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Iraq Study Group – Cut and Run or Duck and Cover?

February 5, 2007

I thought I would publish this unfinished post written Dec. 3 2006
regarding my thoughts on the surge. I’ll elaborate on them shortly. Was Austin Bay right or wrong?

Rob bugs me for more thoughts on the cut and run/bait and switch/duck and cover scenario presented by the ISG.

One man’s "phased withdrawal" is another one’s "cut and run". Those accusations go both ways, and I’m sure whatever happens both sides will claim victory, and crow over the defeat of the other. As I indicated in my post mid-term post, I’m taking a wait-and-see attitude. Recent developments have been discouraging however, and as I left for my Thanksgiving vacation to see my new Niece, I had to shake off dark thoughts.

Far more is at stake here than troop levels, the image of America, Bush’s legacy, the future of the Republicans or even my own vanity in being right or wrong. Whatever. That’s not what haunted me. What I think of is the Iraqi’s who supported Democracy being purged in some killing spree like Cambodia (after we broke our promises to them again). What I think of is Lebanon being given away to Syria in some grand bargain.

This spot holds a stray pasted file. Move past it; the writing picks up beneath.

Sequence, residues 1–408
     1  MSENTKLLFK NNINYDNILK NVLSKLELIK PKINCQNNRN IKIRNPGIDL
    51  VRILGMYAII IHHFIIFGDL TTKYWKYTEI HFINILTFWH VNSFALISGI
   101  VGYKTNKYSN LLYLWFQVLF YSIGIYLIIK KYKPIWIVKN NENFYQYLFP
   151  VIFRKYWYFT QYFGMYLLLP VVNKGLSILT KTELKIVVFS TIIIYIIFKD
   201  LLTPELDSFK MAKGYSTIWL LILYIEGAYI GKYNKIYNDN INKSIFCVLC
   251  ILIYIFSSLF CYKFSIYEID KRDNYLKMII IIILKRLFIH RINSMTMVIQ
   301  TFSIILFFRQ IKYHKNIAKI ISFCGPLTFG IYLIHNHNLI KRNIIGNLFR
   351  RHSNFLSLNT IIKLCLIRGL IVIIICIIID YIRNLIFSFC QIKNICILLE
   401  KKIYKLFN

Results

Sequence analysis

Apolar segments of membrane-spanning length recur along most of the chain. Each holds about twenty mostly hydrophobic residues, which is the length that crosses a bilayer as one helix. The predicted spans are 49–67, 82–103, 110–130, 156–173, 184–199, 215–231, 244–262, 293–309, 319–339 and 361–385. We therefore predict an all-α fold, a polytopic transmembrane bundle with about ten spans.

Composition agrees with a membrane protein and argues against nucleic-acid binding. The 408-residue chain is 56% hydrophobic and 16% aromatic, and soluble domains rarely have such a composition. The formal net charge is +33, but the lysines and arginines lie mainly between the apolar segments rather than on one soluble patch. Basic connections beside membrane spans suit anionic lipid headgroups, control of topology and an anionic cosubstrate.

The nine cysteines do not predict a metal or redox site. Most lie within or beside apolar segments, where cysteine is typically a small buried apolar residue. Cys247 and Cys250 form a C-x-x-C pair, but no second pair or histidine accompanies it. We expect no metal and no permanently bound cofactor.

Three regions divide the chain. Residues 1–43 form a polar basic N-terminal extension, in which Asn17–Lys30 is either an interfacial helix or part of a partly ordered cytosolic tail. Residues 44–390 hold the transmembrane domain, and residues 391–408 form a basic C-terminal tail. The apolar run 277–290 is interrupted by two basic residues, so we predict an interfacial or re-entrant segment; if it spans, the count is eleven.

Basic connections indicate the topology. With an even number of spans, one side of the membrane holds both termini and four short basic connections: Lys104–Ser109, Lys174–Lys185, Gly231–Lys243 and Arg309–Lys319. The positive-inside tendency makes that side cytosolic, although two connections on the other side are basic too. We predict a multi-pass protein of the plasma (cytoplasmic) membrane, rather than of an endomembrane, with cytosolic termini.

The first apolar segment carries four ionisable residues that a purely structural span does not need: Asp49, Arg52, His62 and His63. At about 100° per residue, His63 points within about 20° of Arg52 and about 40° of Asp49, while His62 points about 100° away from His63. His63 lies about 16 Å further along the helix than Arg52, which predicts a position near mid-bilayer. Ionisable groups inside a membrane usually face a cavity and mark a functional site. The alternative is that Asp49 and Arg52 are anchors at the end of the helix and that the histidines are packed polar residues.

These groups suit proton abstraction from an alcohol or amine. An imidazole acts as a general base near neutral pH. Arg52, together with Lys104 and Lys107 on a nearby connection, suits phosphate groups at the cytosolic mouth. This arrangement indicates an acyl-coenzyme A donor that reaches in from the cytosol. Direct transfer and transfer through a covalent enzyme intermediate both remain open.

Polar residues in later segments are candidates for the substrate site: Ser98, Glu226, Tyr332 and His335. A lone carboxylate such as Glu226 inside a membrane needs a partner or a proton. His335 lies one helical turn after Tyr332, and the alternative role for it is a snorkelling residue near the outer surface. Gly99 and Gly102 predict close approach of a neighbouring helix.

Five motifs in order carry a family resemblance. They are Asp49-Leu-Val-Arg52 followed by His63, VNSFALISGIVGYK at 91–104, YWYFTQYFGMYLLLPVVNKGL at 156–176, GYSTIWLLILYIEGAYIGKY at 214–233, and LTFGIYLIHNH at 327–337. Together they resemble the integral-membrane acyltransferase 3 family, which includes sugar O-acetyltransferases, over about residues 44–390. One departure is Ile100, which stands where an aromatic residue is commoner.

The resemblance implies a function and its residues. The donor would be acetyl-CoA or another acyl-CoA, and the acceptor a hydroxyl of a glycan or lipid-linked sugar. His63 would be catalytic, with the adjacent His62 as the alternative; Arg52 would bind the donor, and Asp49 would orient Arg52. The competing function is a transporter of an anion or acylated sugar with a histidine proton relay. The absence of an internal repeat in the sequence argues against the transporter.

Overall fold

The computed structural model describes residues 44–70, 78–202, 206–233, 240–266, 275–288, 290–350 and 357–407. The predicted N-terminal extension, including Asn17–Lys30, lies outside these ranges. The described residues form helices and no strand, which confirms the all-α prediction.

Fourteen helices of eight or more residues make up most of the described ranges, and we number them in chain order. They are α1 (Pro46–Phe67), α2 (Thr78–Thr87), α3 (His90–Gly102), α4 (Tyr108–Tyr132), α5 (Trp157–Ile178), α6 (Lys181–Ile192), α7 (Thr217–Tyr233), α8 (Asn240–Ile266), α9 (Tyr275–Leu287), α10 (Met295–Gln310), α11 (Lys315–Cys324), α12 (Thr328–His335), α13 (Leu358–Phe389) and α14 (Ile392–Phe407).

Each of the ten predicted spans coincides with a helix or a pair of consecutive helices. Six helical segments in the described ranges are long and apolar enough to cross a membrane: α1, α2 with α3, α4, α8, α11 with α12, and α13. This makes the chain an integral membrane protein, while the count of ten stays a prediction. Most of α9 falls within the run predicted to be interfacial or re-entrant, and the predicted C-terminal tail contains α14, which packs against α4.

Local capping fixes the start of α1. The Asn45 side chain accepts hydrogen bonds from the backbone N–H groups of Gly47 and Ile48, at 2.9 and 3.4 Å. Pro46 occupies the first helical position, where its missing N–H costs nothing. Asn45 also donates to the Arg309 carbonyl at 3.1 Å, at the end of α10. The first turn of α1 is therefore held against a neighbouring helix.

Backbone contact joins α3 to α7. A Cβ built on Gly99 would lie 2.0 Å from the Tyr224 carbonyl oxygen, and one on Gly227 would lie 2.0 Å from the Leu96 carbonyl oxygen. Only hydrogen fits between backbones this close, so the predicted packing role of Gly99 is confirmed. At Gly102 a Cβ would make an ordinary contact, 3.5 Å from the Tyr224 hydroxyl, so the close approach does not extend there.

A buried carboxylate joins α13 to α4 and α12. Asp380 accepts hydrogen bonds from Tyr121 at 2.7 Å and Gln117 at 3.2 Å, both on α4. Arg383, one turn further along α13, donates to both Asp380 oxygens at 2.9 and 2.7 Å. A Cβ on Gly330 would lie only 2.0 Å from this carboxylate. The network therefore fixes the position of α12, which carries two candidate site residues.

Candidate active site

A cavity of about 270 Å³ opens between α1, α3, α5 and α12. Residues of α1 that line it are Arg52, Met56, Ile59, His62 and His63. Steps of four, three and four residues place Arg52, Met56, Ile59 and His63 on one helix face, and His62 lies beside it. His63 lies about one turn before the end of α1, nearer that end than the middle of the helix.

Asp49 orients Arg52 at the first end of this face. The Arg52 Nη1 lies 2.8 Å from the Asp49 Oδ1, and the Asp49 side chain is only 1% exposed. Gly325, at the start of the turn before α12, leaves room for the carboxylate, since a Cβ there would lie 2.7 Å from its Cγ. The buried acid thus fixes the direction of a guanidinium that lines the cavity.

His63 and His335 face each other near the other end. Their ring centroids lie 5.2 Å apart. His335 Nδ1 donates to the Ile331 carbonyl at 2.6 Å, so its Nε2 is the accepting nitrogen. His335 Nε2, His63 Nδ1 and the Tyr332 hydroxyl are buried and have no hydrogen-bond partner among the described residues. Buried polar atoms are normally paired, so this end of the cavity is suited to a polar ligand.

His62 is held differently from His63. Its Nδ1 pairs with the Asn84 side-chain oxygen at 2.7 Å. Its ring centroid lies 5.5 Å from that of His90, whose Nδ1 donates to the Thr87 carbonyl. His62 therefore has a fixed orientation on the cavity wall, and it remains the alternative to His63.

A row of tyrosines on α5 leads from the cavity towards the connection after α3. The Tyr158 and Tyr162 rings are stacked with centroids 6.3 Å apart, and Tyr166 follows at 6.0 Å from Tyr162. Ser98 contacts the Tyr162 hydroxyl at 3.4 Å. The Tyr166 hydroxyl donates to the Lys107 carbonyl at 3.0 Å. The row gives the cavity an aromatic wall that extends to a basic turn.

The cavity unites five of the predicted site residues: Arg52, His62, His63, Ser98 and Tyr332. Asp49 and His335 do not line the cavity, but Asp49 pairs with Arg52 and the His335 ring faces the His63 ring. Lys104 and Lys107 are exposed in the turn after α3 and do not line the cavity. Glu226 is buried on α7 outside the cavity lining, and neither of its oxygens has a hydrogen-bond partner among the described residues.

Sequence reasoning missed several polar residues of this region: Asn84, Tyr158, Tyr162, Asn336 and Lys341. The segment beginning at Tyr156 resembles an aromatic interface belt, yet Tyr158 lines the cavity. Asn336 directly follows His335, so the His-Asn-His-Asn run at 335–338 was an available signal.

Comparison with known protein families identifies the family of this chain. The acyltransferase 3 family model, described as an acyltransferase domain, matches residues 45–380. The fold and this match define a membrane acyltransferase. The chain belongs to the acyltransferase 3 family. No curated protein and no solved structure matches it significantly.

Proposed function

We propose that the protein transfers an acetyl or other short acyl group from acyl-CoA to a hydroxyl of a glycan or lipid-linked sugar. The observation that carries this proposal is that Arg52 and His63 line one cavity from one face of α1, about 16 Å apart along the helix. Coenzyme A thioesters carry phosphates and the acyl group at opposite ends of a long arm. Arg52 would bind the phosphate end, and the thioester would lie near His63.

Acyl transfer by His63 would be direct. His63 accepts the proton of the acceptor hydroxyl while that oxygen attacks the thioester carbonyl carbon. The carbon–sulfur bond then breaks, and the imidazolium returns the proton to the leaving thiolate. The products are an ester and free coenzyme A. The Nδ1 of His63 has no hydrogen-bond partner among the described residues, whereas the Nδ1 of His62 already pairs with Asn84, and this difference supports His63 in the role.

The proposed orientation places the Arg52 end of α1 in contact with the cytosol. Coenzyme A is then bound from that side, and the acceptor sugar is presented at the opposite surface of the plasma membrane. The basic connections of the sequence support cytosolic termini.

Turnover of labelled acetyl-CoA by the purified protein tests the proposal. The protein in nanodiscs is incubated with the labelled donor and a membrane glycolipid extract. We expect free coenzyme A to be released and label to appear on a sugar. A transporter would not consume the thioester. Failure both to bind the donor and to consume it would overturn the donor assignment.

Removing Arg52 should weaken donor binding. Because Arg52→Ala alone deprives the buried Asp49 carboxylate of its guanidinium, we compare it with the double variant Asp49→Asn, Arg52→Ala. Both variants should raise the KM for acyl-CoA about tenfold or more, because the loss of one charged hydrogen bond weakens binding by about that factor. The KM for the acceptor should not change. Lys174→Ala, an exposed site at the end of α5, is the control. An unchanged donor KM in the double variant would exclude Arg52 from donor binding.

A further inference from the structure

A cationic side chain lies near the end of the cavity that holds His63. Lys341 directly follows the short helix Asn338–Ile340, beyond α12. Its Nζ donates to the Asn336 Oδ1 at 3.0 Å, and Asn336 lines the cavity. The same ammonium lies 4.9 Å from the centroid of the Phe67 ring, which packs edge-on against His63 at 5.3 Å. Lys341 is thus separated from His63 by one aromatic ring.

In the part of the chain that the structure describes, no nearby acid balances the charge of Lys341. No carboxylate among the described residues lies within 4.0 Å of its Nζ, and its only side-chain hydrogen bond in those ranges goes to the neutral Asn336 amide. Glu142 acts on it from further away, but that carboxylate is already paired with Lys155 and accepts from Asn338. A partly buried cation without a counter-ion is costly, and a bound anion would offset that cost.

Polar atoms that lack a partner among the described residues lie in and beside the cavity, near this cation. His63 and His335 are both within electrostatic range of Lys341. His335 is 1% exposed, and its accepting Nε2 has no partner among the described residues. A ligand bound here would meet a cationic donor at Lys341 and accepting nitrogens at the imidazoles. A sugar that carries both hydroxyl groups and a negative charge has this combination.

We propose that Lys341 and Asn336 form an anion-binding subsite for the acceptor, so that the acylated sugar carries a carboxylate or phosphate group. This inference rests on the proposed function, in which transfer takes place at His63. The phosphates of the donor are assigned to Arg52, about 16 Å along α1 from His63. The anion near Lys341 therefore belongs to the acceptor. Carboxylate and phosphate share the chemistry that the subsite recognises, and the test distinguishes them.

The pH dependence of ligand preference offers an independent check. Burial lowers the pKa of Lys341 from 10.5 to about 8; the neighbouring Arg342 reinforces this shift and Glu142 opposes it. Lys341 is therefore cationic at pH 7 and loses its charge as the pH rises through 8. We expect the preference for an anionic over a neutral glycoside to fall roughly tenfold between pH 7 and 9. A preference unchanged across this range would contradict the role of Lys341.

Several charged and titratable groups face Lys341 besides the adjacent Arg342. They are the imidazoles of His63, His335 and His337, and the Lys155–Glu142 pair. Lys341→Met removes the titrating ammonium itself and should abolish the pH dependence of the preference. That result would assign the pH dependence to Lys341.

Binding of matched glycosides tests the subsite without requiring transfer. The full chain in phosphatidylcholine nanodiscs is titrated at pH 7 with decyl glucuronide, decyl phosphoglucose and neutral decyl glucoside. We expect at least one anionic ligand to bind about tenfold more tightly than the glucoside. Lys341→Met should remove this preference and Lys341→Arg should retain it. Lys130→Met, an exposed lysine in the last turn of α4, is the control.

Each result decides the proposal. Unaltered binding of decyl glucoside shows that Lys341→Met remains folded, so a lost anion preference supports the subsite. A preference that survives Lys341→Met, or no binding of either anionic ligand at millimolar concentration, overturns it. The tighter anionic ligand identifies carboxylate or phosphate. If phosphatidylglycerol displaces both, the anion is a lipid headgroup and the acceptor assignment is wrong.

Link: Austin Bay Blog.

The Baker-Hamilton study group will not produce any new thinking. The U.S. military has analyzed and gamed every course of action, including cut and run. For that matter, it gamed “non-intervention” in Iraq as well.

What Baker and Hamilton provide is political cover for Democrats. Our plan has been a sound one — build Iraqi security and political institutions to the point US and coalition forces move to “strategic overwatch.” … Be prepared.  2009 is the earliest date I see strategic overwatch beginning — and that assumes Pelosi and her clan don’t go with Murtha and Cindy Sheehan.


Which is where Baker-Hamilton comes in. Baker-Hamilton is an academic committee. I guarantee the John Kerry-level strategic geniuses who participated in the study have radically differing views of the issues, different definitions of problems, and a spectrum of mutually-incoherent policy prescriptions. (Like I said, it’s an academic committee.) My bet is the Baker-Hamilton “consensus” will ultimately reflect Jim Baker’s and Lee Hamilton’s two-man consensus (in other words, truth in packaging unusual in government and academia).

If we are lucky, the Baker-Hamilton magic show will drop a scarf over the top hat and with a the ”poof” of a New York Times headline produce a “unifying” policy of words that will let the Democrats join the war, despite the howls of their blogosphere nutsroots.

Then the military will continue to do what it’s been doing in Iraq and Afghanistan and the new Iraqi government will continue to learn by doing — and in the ordeal of war that will mean learn by bleeding, suffering, and sweating.

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